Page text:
Edward Daniel Clarke, the primary British Traveller considered in this book, asked his readers to consider the purpose of travel; Brian Dolan, the author of this book, asks his readers to consider how and why people write about travel.
For a very long time, writers have sneered at the suburbs. They have looked down on suburbanites for being materialistic, unimaginative, and boring. They have complained about the social and physical monotony of the suburban scene while deploring its individualism and lack of community.
Cars for Comrades is a kind of ‘total history’ of the automobile and ‘car culture’ in the Soviet Union, one that is exhaustively researched and engagingly written.
The proliferation of computer databases and the digitization of sources online are transforming the profession. Scholars can now do substantial original research without needing to travel to distant archives. Massive collections of documents are at our fingertips. Online databases are encouraging the democratization of historical research.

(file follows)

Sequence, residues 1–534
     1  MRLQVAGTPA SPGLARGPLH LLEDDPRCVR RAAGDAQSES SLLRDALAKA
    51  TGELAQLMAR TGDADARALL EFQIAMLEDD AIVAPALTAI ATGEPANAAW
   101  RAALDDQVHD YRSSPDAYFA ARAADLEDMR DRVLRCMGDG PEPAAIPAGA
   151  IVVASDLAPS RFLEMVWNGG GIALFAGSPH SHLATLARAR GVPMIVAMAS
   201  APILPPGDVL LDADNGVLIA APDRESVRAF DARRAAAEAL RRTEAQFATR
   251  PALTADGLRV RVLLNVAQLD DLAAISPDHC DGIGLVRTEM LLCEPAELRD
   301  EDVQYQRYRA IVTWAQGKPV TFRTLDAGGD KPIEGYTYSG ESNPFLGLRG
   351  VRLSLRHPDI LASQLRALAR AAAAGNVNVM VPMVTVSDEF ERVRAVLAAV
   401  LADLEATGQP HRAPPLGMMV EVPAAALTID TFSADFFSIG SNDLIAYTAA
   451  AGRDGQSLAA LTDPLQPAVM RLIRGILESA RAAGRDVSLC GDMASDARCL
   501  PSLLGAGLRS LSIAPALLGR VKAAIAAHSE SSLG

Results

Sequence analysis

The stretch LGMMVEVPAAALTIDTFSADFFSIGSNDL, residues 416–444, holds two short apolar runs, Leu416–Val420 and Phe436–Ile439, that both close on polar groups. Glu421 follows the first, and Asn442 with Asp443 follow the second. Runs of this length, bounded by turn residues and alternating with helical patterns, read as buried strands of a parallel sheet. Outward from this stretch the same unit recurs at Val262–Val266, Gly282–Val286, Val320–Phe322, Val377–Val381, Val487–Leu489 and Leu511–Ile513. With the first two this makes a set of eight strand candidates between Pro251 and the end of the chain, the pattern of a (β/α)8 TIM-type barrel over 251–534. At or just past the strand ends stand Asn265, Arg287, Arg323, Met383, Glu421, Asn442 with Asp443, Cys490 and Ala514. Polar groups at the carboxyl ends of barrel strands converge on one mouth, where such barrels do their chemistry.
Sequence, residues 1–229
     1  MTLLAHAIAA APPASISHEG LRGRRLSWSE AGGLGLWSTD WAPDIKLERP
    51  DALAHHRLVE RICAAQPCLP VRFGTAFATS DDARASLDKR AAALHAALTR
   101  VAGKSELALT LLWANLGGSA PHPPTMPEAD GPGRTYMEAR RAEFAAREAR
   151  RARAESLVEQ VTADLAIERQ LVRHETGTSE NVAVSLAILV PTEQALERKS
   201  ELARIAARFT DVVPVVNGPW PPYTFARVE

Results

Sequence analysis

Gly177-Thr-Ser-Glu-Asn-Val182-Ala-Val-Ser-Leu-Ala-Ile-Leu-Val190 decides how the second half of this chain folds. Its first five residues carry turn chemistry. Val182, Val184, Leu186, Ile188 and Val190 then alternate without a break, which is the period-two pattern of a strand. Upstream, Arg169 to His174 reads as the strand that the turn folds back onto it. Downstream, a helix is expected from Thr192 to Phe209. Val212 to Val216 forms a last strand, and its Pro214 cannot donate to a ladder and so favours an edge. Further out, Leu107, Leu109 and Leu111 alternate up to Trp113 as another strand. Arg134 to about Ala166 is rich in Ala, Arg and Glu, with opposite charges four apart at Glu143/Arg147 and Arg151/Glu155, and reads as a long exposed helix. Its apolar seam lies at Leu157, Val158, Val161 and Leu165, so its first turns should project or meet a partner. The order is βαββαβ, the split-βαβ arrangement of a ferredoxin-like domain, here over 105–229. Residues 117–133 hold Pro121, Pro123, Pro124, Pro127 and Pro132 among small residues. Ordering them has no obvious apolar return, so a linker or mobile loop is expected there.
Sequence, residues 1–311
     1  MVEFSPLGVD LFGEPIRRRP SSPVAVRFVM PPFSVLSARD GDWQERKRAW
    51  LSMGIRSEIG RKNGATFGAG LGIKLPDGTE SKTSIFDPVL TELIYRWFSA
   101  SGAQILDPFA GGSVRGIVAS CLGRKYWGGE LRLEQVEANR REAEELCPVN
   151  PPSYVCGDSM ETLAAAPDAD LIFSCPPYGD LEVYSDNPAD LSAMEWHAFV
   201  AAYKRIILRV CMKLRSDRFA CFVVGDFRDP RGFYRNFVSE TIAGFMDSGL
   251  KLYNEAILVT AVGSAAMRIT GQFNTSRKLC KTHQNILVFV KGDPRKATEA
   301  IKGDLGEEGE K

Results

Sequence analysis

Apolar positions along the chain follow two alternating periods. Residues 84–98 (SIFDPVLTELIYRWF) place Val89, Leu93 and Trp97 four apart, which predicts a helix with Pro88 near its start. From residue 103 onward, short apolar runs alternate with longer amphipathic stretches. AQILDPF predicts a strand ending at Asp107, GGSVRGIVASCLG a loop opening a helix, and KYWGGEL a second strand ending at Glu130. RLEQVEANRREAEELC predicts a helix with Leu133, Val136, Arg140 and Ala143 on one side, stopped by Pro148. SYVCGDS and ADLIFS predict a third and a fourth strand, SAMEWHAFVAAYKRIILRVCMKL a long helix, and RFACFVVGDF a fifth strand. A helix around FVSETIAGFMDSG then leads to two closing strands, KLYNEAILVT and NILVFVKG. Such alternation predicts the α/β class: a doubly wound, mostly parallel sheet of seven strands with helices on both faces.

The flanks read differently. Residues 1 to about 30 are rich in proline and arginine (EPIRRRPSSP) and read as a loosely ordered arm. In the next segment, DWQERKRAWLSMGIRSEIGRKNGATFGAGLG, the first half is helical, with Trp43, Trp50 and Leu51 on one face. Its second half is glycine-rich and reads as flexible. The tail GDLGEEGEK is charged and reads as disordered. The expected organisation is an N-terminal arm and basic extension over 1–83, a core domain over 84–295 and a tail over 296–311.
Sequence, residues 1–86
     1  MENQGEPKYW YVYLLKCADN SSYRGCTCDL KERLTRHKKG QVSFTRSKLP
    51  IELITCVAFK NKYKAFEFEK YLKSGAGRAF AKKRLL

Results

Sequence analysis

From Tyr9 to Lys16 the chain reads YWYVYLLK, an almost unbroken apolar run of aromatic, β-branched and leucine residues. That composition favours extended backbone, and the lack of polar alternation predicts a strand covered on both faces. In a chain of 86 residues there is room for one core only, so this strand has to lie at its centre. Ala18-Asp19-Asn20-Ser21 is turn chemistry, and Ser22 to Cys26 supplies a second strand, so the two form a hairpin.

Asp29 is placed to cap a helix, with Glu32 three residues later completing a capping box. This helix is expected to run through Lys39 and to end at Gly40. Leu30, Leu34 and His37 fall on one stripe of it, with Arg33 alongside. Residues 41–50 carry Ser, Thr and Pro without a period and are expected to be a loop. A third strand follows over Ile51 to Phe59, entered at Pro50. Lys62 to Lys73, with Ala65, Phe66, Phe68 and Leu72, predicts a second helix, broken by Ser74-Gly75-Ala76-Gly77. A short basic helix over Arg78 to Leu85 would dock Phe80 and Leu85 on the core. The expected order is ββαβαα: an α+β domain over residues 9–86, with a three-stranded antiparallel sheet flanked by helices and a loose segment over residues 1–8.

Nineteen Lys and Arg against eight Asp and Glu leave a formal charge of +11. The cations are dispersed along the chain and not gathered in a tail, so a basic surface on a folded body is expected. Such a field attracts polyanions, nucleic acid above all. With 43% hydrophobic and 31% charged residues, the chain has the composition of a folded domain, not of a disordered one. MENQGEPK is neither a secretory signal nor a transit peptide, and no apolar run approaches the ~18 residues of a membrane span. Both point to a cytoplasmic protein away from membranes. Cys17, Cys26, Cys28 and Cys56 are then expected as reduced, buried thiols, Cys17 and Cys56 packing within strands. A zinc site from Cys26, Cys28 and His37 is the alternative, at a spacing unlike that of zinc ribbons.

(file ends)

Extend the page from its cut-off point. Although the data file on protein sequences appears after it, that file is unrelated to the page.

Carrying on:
We know that London Transport was a pioneer in advertising public transport. Their posters from the inter-war period and the 1950s are a familiar sight and they are frequently used as historical sources not only by academics but students as well.
A landmark moment in Holocaust history and memory occurred in 1989 when about 1,000 Kindertransport survivors attended their 50-year reunion in London. The event commemorated the transport of 10,000 children from Central Europe to safety in Britain. Launched on November 9, 1938, the transport continued for a year until the Nazis ended it when war was declared in September 1939.
There are many ways to write about the history of Italian cycling. John Foot explains that his book ‘tells the story moving between biographies of individual cyclists, tales of races and an analysis of Italian society’ and that ‘space will be dedicated to the role of bicycle in everyday Italian life’ (p. 4).
Richard White is a prolific historian whose earlier works have changed our understanding of several periods of American history. His 1991 book on the relations of white empires and Native polities in the Great Lakes region reshaped views of First Nations history throughout the continent.
In Ocean Under Steam Frances Steel explores the impact of the 19th-century sea transport revolution in one of the extremities of the British Empire, the South Pacific Ocean. Published as part of the Manchester University Press ‘Studies in Imperialism’ series, under the general editorship of John MacKenzie, this is a self-consciously ‘de-centred’ imperial history.
In this interesting and readable book, Jo Guldi explores the origins and rise of the ‘infrastructure state’ (1) through an historical analysis of centralised road planning, investment and regulation in Britain.